- clip-path is awesome for quickly changing the colors of simple graphics.
- clip-path doesn’t work on all browsers.
- clip-path using an SVG as the mask doesn’t work on most browsers.
- Any SVG you want to use as a clip-path needs to be built from shapes, not
I’m not good with color schemes. I can pick out things on Kuler that I think might look good, but when it comes time to implement them, I have no idea what to put where or how to arrange them.
When I’m sketching out a site like this, SASS is a godsend because introducing variables into CSS lets me change an entire color scheme by changing only a few lines of code, so I can plow through a whole bunch of different ideas in mere minutes.
Certain things in this design, however - namely Flying Umbrella Dude Man Guy on the lefthand side of the main menu and the hamburger button on the right (on mobile) - do not lend themselves well to this approach. I noticed that Bootstrap’s
standard hamburger menu button
is just an SVG, and that got me thinking: is it possible to use SASS variables to change the stroke-color of an SVG path? Would
<path stroke="$theme-primary-color;"> [...] work?
Nope. It didn’t. It might just be that I’m doing something wrong, but it didn’t work.
When I want to separate shape and color in something like GIMP , I use a layer mask to define the shape of the object and then apply that mask to a solid color. Would the same thing be possible in CSS somehow?
Before we go too much further, I need to point out that - at the time of writing -
clip-path is only
in Firefox. I didn’t find any major issues in Chrome, but IE and Edge both display the element as a solid box of color. Rendering in Safari on iOS was a complete, hopeless mess with the SVG being stretched all around the page and re-scaling itself apparently at will.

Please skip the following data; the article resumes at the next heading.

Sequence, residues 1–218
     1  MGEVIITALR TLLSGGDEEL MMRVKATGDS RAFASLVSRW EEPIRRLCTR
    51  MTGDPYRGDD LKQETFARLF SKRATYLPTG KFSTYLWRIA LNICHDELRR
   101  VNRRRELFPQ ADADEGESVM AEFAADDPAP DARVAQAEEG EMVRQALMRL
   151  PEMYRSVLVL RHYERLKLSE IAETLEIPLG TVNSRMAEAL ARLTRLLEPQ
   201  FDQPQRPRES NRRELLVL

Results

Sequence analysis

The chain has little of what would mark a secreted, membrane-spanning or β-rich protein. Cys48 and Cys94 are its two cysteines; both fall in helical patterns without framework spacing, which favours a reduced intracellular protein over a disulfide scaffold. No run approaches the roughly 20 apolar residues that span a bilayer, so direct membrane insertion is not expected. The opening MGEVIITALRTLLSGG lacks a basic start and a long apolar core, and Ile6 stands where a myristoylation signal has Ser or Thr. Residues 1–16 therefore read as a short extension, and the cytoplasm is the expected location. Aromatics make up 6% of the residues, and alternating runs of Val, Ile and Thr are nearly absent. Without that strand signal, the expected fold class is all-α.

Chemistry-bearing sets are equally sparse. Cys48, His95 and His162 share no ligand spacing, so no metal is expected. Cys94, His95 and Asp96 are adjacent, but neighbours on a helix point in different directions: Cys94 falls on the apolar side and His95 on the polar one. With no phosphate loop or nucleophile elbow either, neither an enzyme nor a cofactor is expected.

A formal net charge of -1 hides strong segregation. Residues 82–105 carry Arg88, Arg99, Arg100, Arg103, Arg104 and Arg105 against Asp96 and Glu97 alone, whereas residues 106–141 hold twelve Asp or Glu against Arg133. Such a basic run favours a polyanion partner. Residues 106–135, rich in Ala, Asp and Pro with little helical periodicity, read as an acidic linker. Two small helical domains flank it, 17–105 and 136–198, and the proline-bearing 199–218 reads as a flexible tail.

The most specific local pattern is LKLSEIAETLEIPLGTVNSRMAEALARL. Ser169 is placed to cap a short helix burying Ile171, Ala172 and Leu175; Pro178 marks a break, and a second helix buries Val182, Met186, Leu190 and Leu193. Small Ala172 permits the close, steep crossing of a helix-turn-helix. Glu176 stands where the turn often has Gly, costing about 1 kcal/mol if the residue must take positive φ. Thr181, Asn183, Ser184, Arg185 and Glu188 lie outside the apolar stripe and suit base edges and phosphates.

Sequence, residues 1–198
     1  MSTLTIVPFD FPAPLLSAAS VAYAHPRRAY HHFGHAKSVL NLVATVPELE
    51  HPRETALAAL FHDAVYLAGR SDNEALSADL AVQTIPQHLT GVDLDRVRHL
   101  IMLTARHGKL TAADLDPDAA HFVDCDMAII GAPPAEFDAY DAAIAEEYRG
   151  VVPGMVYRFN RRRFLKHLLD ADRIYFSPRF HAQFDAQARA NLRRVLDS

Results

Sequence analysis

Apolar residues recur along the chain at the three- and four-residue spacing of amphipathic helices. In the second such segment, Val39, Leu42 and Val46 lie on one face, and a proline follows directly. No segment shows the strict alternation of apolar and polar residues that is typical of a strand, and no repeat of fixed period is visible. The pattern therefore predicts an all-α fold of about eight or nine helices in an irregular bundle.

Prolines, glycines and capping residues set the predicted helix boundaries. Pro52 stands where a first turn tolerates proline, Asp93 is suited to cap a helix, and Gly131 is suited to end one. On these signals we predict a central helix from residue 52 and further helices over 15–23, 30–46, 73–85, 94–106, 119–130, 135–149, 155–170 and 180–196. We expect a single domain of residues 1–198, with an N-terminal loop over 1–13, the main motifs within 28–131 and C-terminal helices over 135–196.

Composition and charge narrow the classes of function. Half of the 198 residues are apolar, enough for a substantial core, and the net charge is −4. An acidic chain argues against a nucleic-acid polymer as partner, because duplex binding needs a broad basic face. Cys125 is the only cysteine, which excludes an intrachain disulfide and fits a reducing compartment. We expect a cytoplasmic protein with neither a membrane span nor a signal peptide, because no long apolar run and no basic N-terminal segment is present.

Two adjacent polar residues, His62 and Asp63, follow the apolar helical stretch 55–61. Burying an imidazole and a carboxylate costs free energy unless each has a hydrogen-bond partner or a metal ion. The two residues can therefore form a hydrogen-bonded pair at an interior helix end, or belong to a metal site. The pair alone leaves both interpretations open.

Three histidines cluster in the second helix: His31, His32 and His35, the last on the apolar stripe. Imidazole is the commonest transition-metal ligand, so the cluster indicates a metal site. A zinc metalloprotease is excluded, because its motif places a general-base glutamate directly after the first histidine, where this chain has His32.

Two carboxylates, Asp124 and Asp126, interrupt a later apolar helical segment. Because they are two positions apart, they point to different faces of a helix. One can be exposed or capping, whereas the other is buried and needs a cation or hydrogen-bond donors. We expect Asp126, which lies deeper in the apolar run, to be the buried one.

The general idea here is that I’m going to be creating a
<div> with a solid
background-color that I can define using a SASS variable and then using an SVG as sort of a cookie cutter to cut out part of that
<div> and leave the rest of it transparent:
I already had a SVG version of Flying Umbrella Dude Man Guy ready to go, it was just a matter of cleaning out all the extra crap that Inkscape adds in order to get the filesize down as much as possible.
For some reason, even if
width="0" are both specified in the SVG tag, the SVG will still have some height applied to it, and will take up space on the page. For me, this space is 24px tall, and I can’t figure out where that value comes from. Setting
display: none; on the SVG will cause it to appear invisible to
clip-path as well, rendering that approach useless. To solve this, I stuck each SVG I would be pulling paths from into a
max-height: 0px; applied to it in order to hide them from the user.
In order for the SVG to scale correctly, we’ll need to add a few attributes to the
clipPath, as described by
. The renderer is expecting all points in the SVG to be somewhere between (0,0) and (1,1). Since this is generally never going to be the case unless you’re building your SVG from scratch with this requirement in mind, we need to scale the image down to fit into that unit square.
We do this by first adding the